Supreme Court

Border Patrol Agent Wants SCOTUS To Make It Effectively Impossible To Sue Abusive Federal Officers

A precedent allowing federal officers to be held civilly liable for constitutional rights violations has come under fire.


In Bivens v. Six Unknown Named Agents of the Federal Bureau of Narcotics (1971), the U.S. Supreme Court held that federal officers can be held civilly liable—sued—for conduct that violates constitutional rights. In a recent legal filing, a federal Border Patrol agent asked the Court to "reconsider Bivens" and make it effectively impossible to sue rogue federal officers over their rights-violating conduct. To make matters worse, some members of the Supreme Court might be willing to take the agent up on the offer.

The case is Egbert v. Boule. Robert Boule owns a bed-and-breakfast in Washington state near the U.S.-Canadian border. Border Patrol agent Erik Egbert wanted to question one of Boule's guests, a Turkish national, about his immigration status. Boule asked the agent to leave his property but Egbert refused. Egbert then allegedly shoved Boule against a car and pushed him to the ground, injuring Boule's back. Boule later complained to Egbert's superiors about this mistreatment. In retaliation for that complaint, the agent asked the IRS to investigate Boule's tax status. Boule was audited.

Boule filed a Bivens complaint against Egbert, suing the agent in federal court for violating his rights under both the First Amendment (for retaliating against Boule's lawful speech complaining about the agent's conduct) and the Fourth Amendment (for refusing to leave Boule's property and using force against him).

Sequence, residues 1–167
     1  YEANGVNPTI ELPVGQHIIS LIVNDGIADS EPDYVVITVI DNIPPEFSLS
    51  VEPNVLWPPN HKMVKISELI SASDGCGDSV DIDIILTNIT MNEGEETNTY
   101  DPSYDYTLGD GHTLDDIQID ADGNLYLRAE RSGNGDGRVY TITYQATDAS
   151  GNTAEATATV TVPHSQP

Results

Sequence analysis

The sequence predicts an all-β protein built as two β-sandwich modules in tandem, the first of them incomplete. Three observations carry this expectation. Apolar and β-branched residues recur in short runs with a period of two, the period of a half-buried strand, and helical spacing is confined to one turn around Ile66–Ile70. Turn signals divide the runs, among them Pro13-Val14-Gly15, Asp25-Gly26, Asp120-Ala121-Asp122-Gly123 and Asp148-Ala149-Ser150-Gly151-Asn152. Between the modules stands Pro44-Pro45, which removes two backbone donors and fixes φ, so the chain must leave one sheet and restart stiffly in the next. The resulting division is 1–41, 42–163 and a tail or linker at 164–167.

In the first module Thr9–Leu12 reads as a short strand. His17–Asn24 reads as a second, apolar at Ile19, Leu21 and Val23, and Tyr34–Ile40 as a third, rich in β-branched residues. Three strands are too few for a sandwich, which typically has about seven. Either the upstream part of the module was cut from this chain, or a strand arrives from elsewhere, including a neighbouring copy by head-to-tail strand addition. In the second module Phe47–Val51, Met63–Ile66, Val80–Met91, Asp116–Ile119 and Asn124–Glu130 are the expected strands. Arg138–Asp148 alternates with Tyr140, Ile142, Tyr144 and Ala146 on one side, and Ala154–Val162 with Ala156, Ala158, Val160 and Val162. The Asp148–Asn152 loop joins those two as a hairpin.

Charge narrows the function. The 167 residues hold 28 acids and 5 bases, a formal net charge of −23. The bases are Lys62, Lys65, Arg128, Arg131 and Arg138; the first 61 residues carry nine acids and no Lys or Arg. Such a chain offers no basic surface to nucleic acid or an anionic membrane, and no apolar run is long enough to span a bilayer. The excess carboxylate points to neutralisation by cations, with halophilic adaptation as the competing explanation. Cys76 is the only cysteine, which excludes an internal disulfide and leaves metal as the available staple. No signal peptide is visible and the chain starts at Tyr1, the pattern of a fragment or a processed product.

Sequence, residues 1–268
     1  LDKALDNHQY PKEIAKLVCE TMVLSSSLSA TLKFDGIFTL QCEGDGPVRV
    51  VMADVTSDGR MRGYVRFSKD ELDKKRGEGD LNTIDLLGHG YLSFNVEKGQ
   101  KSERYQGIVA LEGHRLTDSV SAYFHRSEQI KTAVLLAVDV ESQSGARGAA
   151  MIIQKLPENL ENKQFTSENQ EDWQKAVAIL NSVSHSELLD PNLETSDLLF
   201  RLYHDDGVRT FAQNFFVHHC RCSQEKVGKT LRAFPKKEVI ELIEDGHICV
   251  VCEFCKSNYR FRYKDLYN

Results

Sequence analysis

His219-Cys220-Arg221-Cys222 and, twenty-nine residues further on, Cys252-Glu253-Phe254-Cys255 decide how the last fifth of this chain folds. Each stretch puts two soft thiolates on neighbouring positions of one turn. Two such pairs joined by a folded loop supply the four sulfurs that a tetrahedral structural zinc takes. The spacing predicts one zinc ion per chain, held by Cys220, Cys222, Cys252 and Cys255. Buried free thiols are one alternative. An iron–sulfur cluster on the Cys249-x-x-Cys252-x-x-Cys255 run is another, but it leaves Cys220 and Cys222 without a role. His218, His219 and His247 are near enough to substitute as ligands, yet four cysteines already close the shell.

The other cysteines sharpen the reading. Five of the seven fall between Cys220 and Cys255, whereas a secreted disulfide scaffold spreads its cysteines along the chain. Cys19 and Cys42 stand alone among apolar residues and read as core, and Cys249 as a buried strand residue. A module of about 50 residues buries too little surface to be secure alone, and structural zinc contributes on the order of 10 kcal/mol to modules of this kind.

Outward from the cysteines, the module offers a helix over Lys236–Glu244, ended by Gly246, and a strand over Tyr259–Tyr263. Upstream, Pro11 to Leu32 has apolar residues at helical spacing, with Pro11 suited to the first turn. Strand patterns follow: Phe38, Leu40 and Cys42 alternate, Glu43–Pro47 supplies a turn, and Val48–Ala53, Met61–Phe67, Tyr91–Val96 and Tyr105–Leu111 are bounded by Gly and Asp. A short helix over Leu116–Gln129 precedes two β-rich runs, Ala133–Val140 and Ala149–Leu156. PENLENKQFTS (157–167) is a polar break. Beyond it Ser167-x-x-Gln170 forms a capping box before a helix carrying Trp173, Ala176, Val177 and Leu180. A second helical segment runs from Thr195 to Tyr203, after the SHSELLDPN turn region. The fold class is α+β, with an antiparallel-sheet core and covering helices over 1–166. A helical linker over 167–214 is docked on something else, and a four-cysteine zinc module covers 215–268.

Boule prevailed at the U.S. Court of Appeals for the 9th Circuit, which said that any hesitancy about letting this lawsuit move forward in federal court is "outweighed by compelling interests in favor of protecting United States citizens from unlawful activity by federal agents within the United States."

Egbert and his lawyers now want the Supreme Court to overturn that 9th Circuit decision in the name of greater judicial deference toward federal law enforcement. This case, they argue in a petition seeking review, "arises in a setting raising exceptionally sensitive questions about whether recognizing Bivens actions will undercut the ability of Border Patrol agents to fulfill their basic mission of securing the border, enforcing the immigration laws, and protecting national security."

The Bivens precedent has its critics on the High Court and this petition is directed squarely at them. Justice Clarence Thomas, for example, has argued that "the analysis underlying Bivens cannot be defended." Thomas thinks Bivens went wrong because the federal courts have no business recognizing such federal causes for action absent a congressional statute.

But Thomas sells Bivens short. As I have previously argued, "the idea that federal judges have the authority to impose damages against lawless federal officers is as old as the republic—older, in fact, since it comes from venerable British common law judgments that directly influenced the founding generation."

Rather than eliminate Bivens, as this allegedly abusive federal agent wants, the Supreme Court should strengthen the precedent so that even more victims of rights-violating federal officers can get their respective days in court.